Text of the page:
NEWS
November 9, 2000
When: First Tuesday in November, 2020. Where: The suburbs. "Kobe! Gwynneth! Get up right now. You know Mommy has to stop at the church to vote on the way to taking you to school. " "Awwwww, Mom. Do you have to? Letitia says voting is so lame; they're all crooks and it's all about the money, and there's no difference between Santorum and Jesse Jr. anyhow. " "Gwynneth Faulkner, I never heard such nonsense. Kobe, sit here by your sister. Now listen to me, both of you. I'm going to tell you about the election of 2000.
NEWS
August 19, 2009 | By KITTY CAPARELLA, caparek@phillynews.com 215-854-5880
The mourners knew it wasn't Tex. Nearly everyone who passed the silver casket at Tindley Temple United Methodist Church yesterday morning whispered to each other. That's not Tex, they said. But the corpse was wearing his blue suit and black boots. The late Kenneth "Tex" Roberts, 80, who died Monday of a heart attack, was a jovial, mustached, retired tractor-trailer driver who loved to tell jokes, play cards and help people when they were down. On Monday night, Roberts' wife, Janie Holsey, and others went to check the body at James L. Hawkins Funeral Home, at 1640 Federal St., and told a female employee: "This is not my husband.
NEWS
January 27, 1989 | By Donna St. George, Inquirer Staff Writer
DeForia "Jake" Coleman, 44, a city police officer whose fun-loving spirit toward children in his West Philadelphia neighborhood earned him the nickname "Pop Pop," died Tuesday after suffering a heart attack. Mr. Coleman served as a police officer for 13 years before chronic illness forced him to retire on disability in 1978. He had spent most of his time with the department in the Sixth District, at 11th and Winter Streets. Law enforcement had come to him as a family tradition.
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ARTICLES BY DATE
NEWS
November 20, 2015 | BY STEPHANIE FARR, Daily News Staff Writer farrs@phillynews.com, 215-854-4225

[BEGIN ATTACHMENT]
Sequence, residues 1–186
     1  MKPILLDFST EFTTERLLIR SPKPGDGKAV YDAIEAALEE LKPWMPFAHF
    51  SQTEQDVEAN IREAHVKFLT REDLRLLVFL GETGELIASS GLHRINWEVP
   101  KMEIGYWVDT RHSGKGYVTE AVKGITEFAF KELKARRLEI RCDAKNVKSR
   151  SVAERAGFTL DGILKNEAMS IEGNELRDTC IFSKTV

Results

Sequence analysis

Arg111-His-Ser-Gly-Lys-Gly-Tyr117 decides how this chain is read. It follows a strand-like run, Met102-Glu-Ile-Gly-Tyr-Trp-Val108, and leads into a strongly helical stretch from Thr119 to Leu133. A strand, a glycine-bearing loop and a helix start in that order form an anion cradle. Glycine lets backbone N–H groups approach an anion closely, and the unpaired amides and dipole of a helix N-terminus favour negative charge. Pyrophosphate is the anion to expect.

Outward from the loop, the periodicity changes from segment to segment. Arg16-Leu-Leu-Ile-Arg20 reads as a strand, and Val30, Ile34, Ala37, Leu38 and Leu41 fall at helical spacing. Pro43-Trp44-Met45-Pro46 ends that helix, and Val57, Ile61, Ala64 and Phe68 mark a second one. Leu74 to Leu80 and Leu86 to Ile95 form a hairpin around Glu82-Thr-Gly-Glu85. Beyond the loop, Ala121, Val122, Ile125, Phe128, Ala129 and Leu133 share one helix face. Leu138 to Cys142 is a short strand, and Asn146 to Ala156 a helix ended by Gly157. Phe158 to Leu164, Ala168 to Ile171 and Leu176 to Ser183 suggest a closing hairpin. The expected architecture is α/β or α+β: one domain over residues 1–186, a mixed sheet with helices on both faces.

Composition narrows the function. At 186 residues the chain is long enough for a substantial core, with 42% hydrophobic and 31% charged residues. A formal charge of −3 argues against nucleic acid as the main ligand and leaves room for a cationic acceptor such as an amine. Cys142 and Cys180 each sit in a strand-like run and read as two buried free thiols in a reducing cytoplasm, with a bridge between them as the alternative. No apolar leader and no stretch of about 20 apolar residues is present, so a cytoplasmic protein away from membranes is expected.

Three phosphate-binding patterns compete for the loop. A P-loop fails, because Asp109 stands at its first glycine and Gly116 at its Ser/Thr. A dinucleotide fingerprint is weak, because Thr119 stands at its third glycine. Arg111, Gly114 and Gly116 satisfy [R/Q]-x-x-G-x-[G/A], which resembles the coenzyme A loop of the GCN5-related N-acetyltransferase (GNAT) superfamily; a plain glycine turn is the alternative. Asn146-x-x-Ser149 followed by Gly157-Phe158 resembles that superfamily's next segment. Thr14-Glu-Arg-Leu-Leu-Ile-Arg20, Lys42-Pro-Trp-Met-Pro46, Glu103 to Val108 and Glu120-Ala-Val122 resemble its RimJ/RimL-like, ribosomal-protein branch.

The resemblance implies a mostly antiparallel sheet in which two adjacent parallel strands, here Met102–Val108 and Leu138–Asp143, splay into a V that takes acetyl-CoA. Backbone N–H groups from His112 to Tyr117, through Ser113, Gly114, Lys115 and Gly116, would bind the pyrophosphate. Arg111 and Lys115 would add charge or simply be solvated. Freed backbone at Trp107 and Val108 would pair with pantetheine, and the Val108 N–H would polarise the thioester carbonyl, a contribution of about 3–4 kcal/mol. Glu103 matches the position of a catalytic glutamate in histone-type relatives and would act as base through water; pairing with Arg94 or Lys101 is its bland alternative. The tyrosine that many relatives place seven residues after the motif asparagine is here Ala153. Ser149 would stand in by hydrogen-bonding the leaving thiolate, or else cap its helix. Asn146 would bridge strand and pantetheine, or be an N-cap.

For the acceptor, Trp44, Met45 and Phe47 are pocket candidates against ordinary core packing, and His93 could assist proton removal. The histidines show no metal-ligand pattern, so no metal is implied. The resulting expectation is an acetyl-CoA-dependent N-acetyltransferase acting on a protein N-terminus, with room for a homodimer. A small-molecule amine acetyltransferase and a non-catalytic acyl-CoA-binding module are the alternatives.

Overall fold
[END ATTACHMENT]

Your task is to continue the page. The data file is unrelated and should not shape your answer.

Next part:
THE 9-YEAR-OLD boys of the West Philadelphia Tarheels Pop Warner football team - who have an 11-0 record this season that includes nine shutouts - have been fighting hard with the belief that if they won regionals, they'd get to play at Walt Disney World. But now, it's their parents who are fighting hard for them after a midseason decision, by national Pop Warner officials, to change the region's Mitey-Mites' playoffs to an invitational, killing the undefeated team's dream of playing at the Magic Kingdom.
ENTERTAINMENT
September 12, 2015 | By Steven Rea, Inquirer Movie Critic
The Visit , from Chester County's resident trickster M. Night Shyamalan, is Hansel and Gretel with a shaky cam. It's a "found-footage" scare pic, a slow-build affair with a few gags, in which a teenage brother and sister hop the train from Philadelphia to spend a week in the country with the grandparents they've never met. How can that be? Mom (Kathryn Hahn), seen mostly communicating via Skype in Shyamalan's low-budget thriller, left home when she was 19. Estrangement followed.
NEWS
January 9, 2015 | By Amy S. Rosenberg, Inquirer Staff Writer
OCEAN CITY, N.J. - Some artists are influenced by Pop Art. Others, such as sculptor Maddelinde Wiker, 20, are influenced by Pop Pop's art. In this case, Pop Pop is Lance Balderson, 73, a well-regarded abstract painter whose work hangs in the Woodmere Art Museum, Columbia University School of Law, and the Curtis Institute of Music. One painting, Tryst , has been displayed at the Philadelphia Museum of Art. But beginning this week, the art of Balderson and his granddaughter bookend a distinctive exhibit at the Ocean City Arts Center.
NEWS
November 9, 2014 | By Samantha Farkas, For The Inquirer